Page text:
On 17 April 1889, a distant earthquake in Tokyo was detected from the perturbation of a horizontal pendulum in Potsdam, Germany (https://go.nature.com/2ViZq4E). Eighty years after this turning point in the development of modern seismology, the Apollo missions deployed several seismometers on the Moon. The next decade saw a functioning seismometer on Mars with the Viking 2 lander and, in 1982, Soviet Venera landers brought seismometers to Venus. The lunar seismometers were shut off in 1977 after a successful campaign, but the Viking seismometer detected mostly wind in the year or so that it operated, and the Venera seismometers survived only hours under the harsh Venusian conditions. Planetary seismology then went silent for almost 40 years. In late 2018, NASA’s InSight lander touched down on Mars and — 130 years since the first recorded teleseismic event on Earth — its seismometer recorded the first unambiguous marsquakes. This issue features the initial results from the InSight mission. Planetary seismology is at the frontier of geophysics and Nature Geoscience is along for the ride.

A fracture running through the Cerberus Fossae region on Mars where NASA’s InSight mission has detected marsquakes, as seen by ESA’s Mars Express orbiter. Credit: ESA/DLR/FU Berlin, CC BY-SA 3.0 IGO

Seismic data can be used to decipher a planet’s interior structure and composition. Terrestrial seismology has long since moved beyond the detection of seismic waves with single simple pendulums: today, seismology on Earth is conducted using networks of sophisticated seismometers that can measure the seismic wave arrivals from a single event at multiple locations to better characterize the event and pinpoint its location.

The Apollo missions also established a network — albeit a small one of four stations — on the lunar nearside. A variety of moonquakes with both deep and shallow sources were detected, providing tantalizing clues about the structure and seismic activity of the Moon.

InSight, however, was only able to deploy a single seismometer. So, in some ways, seismology on Mars is beginning similarly to that first teleseismic recording 130 years ago (https://go.nature.com/38URz1h). But that single InSight seismometer has benefited from the advances in instrumentation that have followed the lessons learned from early attempts at planetary seismology. InSight’s seismometer is designed to block out the weather, complemented by a suite of other instruments that can characterize the background noise, and tuned to detect even faint marsquake signals.

Over its first 10 months of operation, InSight detected 174 seismic events on Mars. Strikingly, two seismic events of over magnitude 3 have been traced to the Cerberus Fossae region, which shows evidence of recent faulting and volcanism. These detections point towards a tectonically active planet. Analysis of the seismic events also constrains the structure of the Martian crust, and suggests that Martian seismicity is similar to terrestrial intraplate seismic activity for small events, although relatively fewer large quakes have been detected.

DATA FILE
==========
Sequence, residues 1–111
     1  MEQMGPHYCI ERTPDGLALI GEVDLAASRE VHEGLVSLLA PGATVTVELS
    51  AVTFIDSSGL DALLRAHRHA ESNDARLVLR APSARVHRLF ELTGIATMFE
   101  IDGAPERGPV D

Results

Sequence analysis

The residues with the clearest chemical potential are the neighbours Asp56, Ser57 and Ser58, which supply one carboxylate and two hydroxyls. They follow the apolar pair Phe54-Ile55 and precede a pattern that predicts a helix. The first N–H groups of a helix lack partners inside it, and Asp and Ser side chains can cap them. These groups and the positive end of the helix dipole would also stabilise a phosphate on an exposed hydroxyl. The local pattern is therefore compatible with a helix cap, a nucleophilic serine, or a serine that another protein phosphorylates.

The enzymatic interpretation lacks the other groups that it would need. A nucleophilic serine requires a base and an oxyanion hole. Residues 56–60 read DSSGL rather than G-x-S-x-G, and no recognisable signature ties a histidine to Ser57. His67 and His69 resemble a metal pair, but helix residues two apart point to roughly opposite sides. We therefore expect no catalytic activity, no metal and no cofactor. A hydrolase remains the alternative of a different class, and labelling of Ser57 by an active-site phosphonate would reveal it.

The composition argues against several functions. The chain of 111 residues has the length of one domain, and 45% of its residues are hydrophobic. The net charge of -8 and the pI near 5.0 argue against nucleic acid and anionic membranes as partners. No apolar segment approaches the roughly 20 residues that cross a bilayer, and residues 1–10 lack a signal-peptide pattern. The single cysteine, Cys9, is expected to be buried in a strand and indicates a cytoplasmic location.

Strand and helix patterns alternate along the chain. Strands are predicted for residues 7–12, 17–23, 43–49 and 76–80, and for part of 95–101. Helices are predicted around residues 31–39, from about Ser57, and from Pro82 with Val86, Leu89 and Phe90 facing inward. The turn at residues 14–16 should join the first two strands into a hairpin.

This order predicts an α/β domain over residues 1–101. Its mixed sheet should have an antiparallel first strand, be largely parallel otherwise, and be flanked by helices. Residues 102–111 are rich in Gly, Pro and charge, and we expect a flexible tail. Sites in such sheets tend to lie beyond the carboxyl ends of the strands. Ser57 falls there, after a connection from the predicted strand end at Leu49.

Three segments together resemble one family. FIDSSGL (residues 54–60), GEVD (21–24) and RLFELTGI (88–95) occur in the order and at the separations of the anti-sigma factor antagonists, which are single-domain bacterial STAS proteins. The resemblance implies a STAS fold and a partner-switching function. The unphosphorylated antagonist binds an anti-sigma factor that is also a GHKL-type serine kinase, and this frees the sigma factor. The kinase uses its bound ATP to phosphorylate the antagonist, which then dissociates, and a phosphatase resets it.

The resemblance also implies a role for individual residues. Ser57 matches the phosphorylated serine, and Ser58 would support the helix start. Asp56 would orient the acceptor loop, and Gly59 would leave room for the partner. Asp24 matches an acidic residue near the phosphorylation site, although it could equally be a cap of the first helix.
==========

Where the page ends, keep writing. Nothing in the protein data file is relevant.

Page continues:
Meanwhile, InSight’s other instruments primarily intended to characterize the ambient noise around the seismometer have yielded their own surprising scientific discoveries. Weather measurements have revealed a range of turbulent processes in a dynamic atmosphere and the magnetometer measurements support an unexpectedly strong crustal magnetic field, at least locally.

The publication of this package of initial results from InSight also represents a new frontier for Nature Geoscience: this is the first time we have led such a package from a planetary mission. We are publishing these papers partly because of the inherent novelty of the results — including the first unambiguous detections of marsquakes and the first magnetic field measurements on the Martian surface — but mostly because the science questions that InSight seeks to answer about the interior structure and evolution of Mars are just the sort of questions that Nature Geoscience has long been asking in its pages, for both Earth and its planetary neighbours.

The InSight mission is only intended to operate for a couple of Earth years, but when geophysical data are carefully stored and made available to future generations of scientists, they have a long scientific shelf life, as demonstrated by the legacy of the Apollo missions. It has been more than 40 years since the Apollo seismometers were mothballed and we still occasionally receive submissions with new analyses of these lunar seismic data (for example, https://go.nature.com/2HQzuFI).

The initial InSight results reported in this issue of Nature Geoscience are only the beginning of the science that will come out of this mission. Insights from InSight will continue far beyond the mission’s limited lifetime and will not be limited to marsquakes: planetary geophysics missions offer glimpses into the workings of terrestrial planets, including our own.